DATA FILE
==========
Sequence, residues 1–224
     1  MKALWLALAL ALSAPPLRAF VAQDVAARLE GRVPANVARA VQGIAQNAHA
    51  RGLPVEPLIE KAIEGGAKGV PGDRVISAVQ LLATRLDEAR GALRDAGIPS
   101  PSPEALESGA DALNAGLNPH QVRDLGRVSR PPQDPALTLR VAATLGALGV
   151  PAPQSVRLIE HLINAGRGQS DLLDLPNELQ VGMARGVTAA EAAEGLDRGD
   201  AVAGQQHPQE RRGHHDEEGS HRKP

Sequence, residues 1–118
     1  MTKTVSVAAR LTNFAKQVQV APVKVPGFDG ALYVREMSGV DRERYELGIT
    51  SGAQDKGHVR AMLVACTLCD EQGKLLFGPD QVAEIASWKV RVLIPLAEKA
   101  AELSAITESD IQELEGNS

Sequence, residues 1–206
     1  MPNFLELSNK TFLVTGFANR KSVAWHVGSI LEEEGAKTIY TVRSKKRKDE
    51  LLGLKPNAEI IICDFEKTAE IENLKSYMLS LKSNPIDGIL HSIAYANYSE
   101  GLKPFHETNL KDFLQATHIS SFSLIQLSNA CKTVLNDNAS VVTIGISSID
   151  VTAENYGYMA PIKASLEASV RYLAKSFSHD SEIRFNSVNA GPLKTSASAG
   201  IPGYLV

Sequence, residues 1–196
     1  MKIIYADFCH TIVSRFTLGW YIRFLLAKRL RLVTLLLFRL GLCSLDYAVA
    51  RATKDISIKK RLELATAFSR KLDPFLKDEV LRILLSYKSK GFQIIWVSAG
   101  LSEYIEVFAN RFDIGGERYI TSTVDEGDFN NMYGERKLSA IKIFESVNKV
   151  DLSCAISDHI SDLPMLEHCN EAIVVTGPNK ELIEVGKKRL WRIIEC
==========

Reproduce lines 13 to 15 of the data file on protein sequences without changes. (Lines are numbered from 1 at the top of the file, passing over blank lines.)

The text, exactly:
    51  LLGLKPNAEI IICDFEKTAE IENLKSYMLS LKSNPIDGIL HSIAYANYSE
   101  GLKPFHETNL KDFLQATHIS SFSLIQLSNA CKTVLNDNAS VVTIGISSID
   151  VTAENYGYMA PIKASLEASV RYLAKSFSHD SEIRFNSVNA GPLKTSASAG